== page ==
Corruption loses

The movement crystallized by Anna Hazare in India is heartening.  A welcome sight to see so many individuals speaking up against corruption, something our culture has been riddled with for decades.

For all those who are still doubtful about joining and supporting  the movement, here are a few possibilities they might be thinking about:


“Why should I support it?  I actually stand to lose if everyone becomes honest.”

“It won’t work because the system is widespread, deep rooted, age old.”

“It is futile, too many people are corrupt.  From top to bottom.”

Some misguided, stupid people might even believe “A little corruption is necessary.”


Well, if the malaise is age old and deep rooted it just means it might take longer than otherwise, and it certainly will take more effort than otherwise because it will be difficult.  But then just because things are difficult is no reason to not work towards them.  We wouldn’t ever get anything we wanted that way.

If we take the corrupt view and what we will lose, we forget to look for what we will gain.  What can truly be depended upon needs to be delivered by a method respected by everyone.  Without this positive regard for the mechanism, it can never lead to delivering more than what it has in the past.  Suspicion, skepticism, cynicism, disbelief – they all lead to an erosion of value, and we can only expect such a system to spiral downwards increasingly rapidly.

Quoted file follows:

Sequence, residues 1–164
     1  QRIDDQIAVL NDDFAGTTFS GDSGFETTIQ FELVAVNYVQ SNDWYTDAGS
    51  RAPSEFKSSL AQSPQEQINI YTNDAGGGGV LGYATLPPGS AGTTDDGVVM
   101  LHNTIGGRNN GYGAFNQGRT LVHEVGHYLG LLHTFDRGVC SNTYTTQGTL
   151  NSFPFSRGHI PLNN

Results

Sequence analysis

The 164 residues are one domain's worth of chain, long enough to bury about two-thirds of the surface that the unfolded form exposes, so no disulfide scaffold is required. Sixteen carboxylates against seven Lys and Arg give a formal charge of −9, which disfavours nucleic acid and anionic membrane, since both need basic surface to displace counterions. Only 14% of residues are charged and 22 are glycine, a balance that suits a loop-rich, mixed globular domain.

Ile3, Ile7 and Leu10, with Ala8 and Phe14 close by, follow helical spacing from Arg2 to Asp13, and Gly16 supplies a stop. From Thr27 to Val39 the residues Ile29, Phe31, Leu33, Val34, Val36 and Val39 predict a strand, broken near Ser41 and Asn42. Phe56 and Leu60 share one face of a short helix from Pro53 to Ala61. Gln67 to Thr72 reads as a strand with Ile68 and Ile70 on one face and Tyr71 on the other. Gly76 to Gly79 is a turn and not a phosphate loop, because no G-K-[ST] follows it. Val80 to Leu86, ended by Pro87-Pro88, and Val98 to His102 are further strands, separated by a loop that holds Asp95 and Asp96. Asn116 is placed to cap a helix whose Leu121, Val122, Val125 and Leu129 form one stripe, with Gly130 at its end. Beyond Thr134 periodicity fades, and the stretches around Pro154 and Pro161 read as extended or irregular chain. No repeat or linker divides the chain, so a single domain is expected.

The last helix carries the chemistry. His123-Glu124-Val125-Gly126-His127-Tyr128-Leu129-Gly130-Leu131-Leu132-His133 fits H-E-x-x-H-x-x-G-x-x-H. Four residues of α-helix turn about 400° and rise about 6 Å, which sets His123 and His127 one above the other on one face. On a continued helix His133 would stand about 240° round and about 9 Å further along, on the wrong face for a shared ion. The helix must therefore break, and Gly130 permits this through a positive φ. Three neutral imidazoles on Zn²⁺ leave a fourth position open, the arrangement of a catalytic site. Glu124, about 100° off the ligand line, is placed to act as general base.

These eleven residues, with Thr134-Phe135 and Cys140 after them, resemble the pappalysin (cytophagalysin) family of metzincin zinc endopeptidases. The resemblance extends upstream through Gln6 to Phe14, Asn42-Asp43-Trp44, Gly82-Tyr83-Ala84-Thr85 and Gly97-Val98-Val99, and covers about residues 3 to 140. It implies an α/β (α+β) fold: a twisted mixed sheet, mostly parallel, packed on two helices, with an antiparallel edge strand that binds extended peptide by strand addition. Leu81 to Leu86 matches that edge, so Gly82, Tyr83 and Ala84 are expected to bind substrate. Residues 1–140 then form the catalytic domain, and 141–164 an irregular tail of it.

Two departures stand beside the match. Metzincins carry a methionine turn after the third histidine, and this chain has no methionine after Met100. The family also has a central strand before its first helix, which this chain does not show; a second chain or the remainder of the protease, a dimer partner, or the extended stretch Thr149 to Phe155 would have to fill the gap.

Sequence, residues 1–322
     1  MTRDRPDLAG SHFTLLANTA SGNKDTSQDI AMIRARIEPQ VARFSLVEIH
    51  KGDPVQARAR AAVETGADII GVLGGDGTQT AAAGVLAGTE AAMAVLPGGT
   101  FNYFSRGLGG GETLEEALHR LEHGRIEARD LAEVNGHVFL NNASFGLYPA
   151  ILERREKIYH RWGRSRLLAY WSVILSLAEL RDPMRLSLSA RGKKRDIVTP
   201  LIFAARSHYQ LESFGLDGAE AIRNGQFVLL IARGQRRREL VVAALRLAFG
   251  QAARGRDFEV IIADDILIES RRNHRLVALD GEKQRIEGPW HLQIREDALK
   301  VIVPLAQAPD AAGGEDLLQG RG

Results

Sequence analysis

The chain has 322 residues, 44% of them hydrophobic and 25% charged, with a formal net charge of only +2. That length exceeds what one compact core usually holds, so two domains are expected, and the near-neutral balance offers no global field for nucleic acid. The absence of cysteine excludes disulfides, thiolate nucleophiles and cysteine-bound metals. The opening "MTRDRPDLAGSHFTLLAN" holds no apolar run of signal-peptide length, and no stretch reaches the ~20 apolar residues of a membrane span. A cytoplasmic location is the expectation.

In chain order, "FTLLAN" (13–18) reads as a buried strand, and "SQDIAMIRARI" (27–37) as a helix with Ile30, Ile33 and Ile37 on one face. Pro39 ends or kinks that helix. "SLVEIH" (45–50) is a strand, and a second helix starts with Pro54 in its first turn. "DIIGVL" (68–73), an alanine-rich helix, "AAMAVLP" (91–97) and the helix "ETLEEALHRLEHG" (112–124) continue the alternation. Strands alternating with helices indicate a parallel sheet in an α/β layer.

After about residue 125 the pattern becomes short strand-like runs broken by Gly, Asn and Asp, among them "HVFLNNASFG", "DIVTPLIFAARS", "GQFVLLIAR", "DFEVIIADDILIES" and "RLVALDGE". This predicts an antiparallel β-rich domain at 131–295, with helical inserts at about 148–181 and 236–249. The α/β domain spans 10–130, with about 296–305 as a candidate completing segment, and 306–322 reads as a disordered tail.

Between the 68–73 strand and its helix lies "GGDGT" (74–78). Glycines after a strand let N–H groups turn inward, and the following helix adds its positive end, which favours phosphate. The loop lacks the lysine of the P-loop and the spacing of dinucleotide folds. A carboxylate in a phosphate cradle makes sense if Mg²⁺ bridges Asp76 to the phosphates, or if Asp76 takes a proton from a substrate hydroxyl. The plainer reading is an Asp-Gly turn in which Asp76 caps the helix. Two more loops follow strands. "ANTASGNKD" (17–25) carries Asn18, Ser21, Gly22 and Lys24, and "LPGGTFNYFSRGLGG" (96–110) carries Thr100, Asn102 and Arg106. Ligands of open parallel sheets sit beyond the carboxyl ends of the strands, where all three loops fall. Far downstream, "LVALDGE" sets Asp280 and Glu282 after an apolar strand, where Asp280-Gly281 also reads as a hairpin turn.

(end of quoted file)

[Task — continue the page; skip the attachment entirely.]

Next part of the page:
The movement across the country has millions now participating, and the numbers are growing.  Have we ever realized that evil seems to be strong and the evil gather unsummoned, almost instinctively.  Why does good believe itself to be weak, or subservient to evil?  Should it not be the other way around?  How can we gather all the good together to fight evil?  It won’t be a short fight, or even one with an end, but at least the right side will win!  Each one of us joining in and raising their voices is causing the change to goodness, and I hope this will teach us to do the same in more areas where the good suffer.

Have you ever thought about the definition of ‘corruption’? says it is…

– noun

1. the act of corrupting  or state of being corrupt.
2. moral perversion; depravity.
3. perversion of integrity.
4. corrupt  or dishonest proceedings.
6. debasement or alteration, as of language or a text.
7. a debased form of a word.
8. putrefactive decay; rottenness.
9. any corrupting  influence or agency.
All of the above apply, but to my mind the simplest understanding of Corruption is to…
“Seek what is not Deserved!”
Whenever we seek what we do not deserve, we are acting in a corrupt manner, demonstrating Corruption.  Of course the key is to know and accept what we deserve.  This requires being aware and honest with ourselves.  And then to have the courage to deal with ourselves as we deserve.
This responsibility we have to ourselves is the key!!  We must know the significance of this responsibility by realizing the effect it has on us.  We must also realize the connected nature of our environment with us, and how important it is to be responsible towards others in our society as well.